The #BoysLockerRoom Is A Wake-Up Call For Schools To Step Up

TW: Mentions of assault, rape, cyberbullying.

These students don’t need to know anything about this [sexual health] until they are married, it is inappropriate.” This was said to me by the principal of a Delhi-based English medium private school during a workshop with female students in grade 9 about sexual well-being and reproductive rights.

Burying conversations, policing female students, and the lack of sensitisation training provided to teachers is a common occurrence in schools across Delhi and beyond. When a Delhi girl exposed a ‘bois locker room‘ group chat and its participants on Instagram late last night, social media blew up with conversations about how girls are sexually exploited by sharing private images of them without their consent among third parties and threatening comments that go to the extent of rape threats. While this incident is shocking and despicable, it is certainly not new.


Shows permission to recirculate the information put up by the concerned user.  Source: Instagram

I have, firsthand, witnessed groups of boys as young as 14-years of age in schools participating in such activities in varying degrees. Having a girl’s private photos was, and is, considered a kind of achievement for them to boast about, and share among their friends who are just as complicit. When I first witnessed this happen at my own school, I was in ninth grade myself and not one boy, nor teacher stood up for all the girl students who were silently going through this traumatic experience. It was an open secret that no one had the courage to call out. Perhaps out of fear, shame, or simply because they themselves allowed such activities to take place.

However, despite multiple calls to action at an individual level calling for introspection, courage, empathy, and support, I am yet to see an important stakeholder take the responsibility of changing such a mindset: schools.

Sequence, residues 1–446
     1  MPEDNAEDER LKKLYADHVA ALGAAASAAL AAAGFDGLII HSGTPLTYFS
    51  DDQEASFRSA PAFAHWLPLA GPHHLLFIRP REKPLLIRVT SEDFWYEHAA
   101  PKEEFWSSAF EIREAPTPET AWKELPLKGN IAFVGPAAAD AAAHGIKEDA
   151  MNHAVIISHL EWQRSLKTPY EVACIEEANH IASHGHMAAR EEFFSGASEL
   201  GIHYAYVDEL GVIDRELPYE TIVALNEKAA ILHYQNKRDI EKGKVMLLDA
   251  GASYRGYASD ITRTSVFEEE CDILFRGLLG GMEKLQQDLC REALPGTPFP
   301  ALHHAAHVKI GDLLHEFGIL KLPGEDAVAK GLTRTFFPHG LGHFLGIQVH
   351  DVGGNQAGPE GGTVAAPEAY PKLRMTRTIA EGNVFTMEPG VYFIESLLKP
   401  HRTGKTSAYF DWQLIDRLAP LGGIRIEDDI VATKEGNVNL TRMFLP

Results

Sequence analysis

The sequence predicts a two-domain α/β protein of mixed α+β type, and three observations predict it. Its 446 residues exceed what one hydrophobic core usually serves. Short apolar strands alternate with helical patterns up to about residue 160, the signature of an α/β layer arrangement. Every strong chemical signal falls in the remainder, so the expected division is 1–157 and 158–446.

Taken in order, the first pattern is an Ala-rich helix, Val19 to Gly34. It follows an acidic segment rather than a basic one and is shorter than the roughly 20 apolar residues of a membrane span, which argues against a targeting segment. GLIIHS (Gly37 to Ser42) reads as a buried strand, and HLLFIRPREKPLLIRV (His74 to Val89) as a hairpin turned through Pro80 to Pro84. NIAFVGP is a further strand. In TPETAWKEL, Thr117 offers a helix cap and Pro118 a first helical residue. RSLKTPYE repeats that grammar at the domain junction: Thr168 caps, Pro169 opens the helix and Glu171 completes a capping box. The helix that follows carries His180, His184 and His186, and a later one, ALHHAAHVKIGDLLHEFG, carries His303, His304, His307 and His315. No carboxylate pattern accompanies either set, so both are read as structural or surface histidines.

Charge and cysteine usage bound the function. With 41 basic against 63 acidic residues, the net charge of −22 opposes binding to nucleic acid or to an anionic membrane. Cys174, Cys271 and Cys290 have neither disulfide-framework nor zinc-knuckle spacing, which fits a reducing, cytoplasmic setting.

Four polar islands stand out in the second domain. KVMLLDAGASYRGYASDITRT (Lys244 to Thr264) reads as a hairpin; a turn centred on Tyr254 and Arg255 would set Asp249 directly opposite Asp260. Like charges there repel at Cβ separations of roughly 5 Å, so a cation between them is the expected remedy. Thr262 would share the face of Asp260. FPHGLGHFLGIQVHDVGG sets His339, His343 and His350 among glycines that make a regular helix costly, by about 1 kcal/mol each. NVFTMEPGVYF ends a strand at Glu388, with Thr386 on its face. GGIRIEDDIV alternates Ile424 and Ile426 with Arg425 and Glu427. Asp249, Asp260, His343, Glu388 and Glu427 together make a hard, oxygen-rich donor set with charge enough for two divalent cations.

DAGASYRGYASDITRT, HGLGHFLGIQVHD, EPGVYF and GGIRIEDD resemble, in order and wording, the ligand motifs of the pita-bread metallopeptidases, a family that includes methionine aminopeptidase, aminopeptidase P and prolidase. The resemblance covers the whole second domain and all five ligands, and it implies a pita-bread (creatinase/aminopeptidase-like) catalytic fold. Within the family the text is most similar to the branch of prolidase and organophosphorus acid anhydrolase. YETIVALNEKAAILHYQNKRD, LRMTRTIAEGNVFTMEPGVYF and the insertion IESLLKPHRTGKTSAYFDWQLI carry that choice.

The ‘Bois Locker Room‘ incident is one case in the hundreds that take place in each school all the time. Schools have a duty to acknowledge that such atrocious activities sometimes begin in their own backyard and they must step forward to protect the youth that they play such an important role in shaping.

Schools play a role in normalising this behaviour by either playing an active role in subduing it, humiliating students publicly for expression or dissent, or simply sweeping them under the rug. It is time to own up to our role in allowing this to happen.

This is not a one-time conversation but one that needs to be encouraged, supported, and imbibed at all levels starting from the hub of all educational activity. After working with and being a part of a number of schools and organisations, here are a few simple actionable steps that schools can take to create a safe learning environment to allow their students to thrive by making them responsible and empowered.

Representational image. I see so many individuals and groups talk about how students are “too young” to understand concepts of such complexity but, in fact, there is never a better time than to start these conversations when the mind is still impressionable.
  • The first and perhaps most important step is to sensitise not just students, but also parents and teachers on a regular basis. Concepts like health boundaries, consent, sexual harassment, and toxic masculinity cannot be solved overnight or with one workshop. They need to be constantly brought up and be entrenched as a part of every initiative the school takes.